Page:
3. I'm really giving this my best shot and I want it to work but I'm frustrated and I'm afraid that's hurting our success and my relationship with my dog.
Solution: Put those neighborhood walks on pause for right now and focus on step five so you and your dog can build success in lower distraction environments. You will still be getting the mental enrichment and skill work of a walk and can balance out any potential lost physical exercise with some great games of fetch, tug, or play with a flirt pole. When you are succeeding in the lower distraction environments, start building your neighborhood walk back up slowly. If you can only do a block right now, do a block. Then two, adding on as you and your dog are able to succeed in each new distance and duration.
4. Is it okay if my dog wants to stop and sniff/pee on stuff?
Solution: Yes! That doesn't mean you can't ever urge him/her to move on but somewhere along the way, we humans forgot that dog walks were supposed to be fun and that they're really about the dog! Dogs experience much of the world through their noses and making sure they get to do so is not being permissive, it's being kind and understanding what matters to dogs.
Tip: Loose leash walking is often treated as one of the "less serious" issues dogs and humans may seek training help for but we know this is an every day experience you share and that getting it right matters. It impacts your relationship and can turn what should be an enjoyable experience into a frustrating one. Remember that dogs do not naturally walk in a boring straight line at a consistent pace. They follow their noses! If you stay in tune with your dog and use the Premack Principle outlined above ("Yes we can sniff that but let's do it on a loose leash TOGETHER!") to reinforce connection and behavior you want, it will go a long way towards helping you and your dog get on the same page.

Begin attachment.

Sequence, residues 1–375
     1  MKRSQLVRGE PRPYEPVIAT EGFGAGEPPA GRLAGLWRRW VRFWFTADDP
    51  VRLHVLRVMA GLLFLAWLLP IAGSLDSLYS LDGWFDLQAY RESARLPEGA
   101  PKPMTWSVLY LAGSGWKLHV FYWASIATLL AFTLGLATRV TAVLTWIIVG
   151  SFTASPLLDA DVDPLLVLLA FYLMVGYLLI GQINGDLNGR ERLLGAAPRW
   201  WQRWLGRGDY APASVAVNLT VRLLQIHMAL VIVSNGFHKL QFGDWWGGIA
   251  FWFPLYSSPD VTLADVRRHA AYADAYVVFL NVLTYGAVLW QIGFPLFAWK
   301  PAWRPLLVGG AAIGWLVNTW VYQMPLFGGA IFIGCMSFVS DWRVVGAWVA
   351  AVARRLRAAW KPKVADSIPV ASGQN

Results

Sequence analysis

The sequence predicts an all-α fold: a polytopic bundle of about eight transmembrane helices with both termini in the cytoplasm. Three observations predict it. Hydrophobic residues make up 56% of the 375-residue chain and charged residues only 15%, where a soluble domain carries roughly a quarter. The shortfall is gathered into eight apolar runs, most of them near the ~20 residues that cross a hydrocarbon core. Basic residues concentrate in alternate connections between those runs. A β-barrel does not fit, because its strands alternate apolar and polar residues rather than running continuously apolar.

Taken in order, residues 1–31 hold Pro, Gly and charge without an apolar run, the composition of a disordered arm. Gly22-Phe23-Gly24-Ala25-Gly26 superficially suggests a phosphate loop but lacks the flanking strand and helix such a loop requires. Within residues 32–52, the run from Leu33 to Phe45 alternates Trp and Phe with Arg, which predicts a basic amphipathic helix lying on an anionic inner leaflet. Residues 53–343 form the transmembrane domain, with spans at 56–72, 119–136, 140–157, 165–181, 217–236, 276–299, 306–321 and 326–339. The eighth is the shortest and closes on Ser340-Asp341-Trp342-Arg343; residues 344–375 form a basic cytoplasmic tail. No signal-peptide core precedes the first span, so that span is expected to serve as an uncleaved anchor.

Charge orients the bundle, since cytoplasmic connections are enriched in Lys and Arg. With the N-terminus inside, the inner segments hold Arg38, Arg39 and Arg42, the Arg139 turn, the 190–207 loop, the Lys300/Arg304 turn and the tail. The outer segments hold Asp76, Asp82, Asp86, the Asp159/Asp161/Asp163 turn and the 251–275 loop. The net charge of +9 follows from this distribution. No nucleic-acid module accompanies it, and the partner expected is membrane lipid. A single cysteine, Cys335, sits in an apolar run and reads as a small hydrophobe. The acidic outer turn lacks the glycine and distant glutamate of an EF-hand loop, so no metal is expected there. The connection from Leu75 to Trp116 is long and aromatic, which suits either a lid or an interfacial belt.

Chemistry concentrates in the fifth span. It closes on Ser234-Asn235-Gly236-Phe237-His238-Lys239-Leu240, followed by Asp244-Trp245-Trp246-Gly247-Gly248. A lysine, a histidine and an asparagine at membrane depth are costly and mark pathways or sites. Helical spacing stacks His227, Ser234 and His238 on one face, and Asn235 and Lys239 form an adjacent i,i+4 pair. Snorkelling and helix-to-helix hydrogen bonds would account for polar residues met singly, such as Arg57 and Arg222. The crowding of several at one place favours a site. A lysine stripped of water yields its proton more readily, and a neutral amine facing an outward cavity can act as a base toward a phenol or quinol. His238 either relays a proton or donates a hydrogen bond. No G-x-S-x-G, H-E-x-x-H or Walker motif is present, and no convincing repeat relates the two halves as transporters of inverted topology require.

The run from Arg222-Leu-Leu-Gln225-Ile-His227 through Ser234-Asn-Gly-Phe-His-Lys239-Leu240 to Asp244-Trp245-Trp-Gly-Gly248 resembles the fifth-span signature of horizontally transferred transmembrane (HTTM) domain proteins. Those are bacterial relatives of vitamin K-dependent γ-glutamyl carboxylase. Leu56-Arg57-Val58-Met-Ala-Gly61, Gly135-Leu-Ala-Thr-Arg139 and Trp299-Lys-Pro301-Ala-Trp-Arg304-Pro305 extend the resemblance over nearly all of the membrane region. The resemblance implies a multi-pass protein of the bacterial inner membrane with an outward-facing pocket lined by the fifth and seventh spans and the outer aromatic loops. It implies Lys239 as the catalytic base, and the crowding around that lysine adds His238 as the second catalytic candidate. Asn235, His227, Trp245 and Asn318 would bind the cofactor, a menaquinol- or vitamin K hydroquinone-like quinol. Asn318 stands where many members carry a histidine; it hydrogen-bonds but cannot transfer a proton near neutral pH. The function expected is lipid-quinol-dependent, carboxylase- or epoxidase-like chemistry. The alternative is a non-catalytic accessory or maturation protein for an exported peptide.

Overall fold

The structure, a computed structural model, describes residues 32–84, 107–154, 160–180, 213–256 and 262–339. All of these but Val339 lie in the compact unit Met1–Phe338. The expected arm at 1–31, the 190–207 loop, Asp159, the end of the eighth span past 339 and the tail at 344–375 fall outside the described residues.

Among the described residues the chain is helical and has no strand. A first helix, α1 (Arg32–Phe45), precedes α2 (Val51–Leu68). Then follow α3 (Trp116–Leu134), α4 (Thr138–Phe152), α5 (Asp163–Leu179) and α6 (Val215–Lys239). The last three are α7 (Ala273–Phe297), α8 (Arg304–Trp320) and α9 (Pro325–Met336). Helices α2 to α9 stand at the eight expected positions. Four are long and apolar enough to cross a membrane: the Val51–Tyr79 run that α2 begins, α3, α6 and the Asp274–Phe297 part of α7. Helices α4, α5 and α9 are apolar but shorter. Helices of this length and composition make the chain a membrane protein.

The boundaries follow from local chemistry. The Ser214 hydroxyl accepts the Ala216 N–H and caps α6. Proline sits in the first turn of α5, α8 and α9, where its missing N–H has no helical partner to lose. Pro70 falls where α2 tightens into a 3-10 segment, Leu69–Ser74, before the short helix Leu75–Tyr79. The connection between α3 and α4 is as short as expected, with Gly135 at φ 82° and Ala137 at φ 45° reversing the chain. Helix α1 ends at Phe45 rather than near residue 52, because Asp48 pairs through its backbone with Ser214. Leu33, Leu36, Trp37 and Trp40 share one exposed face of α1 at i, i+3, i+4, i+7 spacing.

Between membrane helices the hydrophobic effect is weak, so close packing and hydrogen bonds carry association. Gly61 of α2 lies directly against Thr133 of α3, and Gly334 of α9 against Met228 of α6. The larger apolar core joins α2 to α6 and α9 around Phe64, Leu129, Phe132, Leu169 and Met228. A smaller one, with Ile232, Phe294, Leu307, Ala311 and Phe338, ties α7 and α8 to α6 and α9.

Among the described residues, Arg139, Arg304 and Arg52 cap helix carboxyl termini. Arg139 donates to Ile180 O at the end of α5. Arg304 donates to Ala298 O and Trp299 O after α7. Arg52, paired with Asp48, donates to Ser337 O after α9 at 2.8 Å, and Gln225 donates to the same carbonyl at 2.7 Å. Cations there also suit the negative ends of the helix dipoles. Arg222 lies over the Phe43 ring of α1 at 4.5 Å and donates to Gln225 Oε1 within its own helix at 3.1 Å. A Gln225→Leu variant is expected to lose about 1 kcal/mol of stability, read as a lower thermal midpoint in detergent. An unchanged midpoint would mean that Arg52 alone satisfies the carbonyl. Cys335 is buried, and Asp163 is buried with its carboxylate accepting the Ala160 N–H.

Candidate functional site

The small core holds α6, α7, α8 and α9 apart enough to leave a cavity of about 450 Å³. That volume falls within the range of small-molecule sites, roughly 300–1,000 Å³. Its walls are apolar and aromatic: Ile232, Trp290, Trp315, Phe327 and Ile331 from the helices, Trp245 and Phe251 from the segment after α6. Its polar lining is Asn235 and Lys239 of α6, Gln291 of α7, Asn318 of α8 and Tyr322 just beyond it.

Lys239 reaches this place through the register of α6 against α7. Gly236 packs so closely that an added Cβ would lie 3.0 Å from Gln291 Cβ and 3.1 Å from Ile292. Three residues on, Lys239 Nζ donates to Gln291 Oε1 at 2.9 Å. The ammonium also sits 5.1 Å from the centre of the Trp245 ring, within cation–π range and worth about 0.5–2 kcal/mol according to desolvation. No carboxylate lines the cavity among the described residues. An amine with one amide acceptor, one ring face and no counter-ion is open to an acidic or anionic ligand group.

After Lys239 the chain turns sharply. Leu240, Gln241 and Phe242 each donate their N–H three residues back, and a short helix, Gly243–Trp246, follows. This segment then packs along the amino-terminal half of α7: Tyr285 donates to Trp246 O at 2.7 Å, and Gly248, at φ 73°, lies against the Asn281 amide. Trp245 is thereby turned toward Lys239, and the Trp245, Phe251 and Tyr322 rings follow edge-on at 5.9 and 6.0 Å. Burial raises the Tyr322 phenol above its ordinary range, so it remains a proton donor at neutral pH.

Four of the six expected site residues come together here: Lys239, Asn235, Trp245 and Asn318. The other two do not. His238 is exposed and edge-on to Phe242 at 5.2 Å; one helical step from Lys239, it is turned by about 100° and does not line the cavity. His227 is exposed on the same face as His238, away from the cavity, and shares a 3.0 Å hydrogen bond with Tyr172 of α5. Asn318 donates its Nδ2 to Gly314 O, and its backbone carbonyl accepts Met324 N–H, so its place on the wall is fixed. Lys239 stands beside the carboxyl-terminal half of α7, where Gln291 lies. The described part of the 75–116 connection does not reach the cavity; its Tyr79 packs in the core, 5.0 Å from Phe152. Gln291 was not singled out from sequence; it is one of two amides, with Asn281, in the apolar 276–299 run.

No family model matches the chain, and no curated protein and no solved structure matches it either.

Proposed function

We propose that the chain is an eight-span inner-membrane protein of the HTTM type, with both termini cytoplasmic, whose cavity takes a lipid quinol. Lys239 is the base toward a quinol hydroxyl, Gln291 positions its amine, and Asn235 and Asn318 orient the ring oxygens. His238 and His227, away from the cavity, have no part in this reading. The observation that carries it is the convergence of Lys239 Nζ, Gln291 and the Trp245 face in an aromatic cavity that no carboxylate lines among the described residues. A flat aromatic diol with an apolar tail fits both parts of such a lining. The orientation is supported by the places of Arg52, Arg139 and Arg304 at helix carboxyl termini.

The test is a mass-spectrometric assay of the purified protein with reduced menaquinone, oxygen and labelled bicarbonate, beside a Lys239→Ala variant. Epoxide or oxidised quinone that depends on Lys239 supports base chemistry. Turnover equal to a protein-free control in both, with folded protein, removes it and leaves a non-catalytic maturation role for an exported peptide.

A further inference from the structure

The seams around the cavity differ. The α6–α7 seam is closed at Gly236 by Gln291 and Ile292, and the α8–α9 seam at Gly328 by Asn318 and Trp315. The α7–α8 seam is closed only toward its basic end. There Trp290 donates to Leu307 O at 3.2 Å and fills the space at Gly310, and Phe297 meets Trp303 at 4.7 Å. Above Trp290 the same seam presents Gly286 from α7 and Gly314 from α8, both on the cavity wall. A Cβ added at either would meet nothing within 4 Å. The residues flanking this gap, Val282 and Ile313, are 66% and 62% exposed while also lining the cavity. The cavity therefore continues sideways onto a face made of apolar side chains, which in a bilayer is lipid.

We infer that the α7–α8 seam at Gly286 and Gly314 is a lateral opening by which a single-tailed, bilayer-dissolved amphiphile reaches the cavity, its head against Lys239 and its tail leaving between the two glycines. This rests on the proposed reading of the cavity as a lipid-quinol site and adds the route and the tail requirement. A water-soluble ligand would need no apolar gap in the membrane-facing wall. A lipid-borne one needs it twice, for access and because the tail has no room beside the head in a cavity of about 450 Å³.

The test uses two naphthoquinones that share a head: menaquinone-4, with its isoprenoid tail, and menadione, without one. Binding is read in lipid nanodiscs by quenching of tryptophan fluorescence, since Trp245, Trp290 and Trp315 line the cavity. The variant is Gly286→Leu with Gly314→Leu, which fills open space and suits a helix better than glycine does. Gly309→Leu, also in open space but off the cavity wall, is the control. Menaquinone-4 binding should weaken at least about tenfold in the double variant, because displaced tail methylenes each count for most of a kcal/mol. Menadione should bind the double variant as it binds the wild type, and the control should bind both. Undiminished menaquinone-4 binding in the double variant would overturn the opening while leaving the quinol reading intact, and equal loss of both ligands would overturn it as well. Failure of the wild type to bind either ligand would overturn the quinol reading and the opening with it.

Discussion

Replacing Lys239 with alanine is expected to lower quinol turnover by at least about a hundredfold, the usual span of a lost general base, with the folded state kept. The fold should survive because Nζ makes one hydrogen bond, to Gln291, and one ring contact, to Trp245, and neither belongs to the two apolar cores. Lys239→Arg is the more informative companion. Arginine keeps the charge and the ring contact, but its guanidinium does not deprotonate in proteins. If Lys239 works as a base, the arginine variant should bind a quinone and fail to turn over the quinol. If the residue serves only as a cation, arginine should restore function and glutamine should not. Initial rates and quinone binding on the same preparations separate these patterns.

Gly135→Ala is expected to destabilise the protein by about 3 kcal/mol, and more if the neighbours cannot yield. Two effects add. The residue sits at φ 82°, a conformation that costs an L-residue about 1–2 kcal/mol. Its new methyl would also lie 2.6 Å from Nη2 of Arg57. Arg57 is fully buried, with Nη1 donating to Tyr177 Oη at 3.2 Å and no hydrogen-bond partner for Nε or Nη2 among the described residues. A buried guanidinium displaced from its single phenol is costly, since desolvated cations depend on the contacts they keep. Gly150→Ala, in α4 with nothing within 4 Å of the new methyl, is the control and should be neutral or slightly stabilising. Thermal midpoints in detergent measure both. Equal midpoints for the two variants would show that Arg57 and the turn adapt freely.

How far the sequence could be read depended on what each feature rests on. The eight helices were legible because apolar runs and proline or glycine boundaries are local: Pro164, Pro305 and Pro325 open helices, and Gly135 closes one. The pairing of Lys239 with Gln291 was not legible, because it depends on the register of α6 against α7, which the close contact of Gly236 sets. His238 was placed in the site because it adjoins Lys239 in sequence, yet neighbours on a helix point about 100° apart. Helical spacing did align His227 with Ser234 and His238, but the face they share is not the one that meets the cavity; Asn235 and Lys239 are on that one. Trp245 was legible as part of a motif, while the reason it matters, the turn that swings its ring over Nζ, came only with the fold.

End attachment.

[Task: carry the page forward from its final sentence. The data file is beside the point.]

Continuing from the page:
Extended Learning: The exercises below will help reinforce your dog's handler focus and the connection you have and are relying on to make loose leash walks a success. You can also use them to re-engage with your dog when you start to lose them while out on a walk together.
1. Leslie McDevitt's Pattern Games (reinforces handler focus, diffuses tension & redirects focus): Play simple pattern games to increase your dog's focus on and engagement with humans. Start with the up/down game where a treat is dropped directly in front of you on the ground. When your dog takes the treat and looks back up at you, mark with a “Yes!” and drop the next one, repeating to create a simple engagement pattern. When this is too easy, start playing the in/out or ping pong game by tossing the treat further away and marking with a “Yes!” when your dog reorients and looks back at you, repeating to create the same type of engagement pattern as with up/down. –> https://www.youtube.com/watch?v=Mtn-BeI9lHE
2. Reinforce ALL Handler Check-Ins (reinforces handler focus, makes it easier to get dog's attention when you need it): Any time your dog checks-in/looks at you while on a walk, mark the behavior with a “Yes!” and reward him/her with a high value treat. You can also prompt your dog to check-in by making a kissy noise, waiting until s/he does, and then rewarding him/her with a “Yes!” and a high value treat. Once this is a natural behavior that is occurring regular on your walks together, you can fade the frequency of the treat rewards to be intermittent.
Questions: Email us at firstname.lastname@example.org!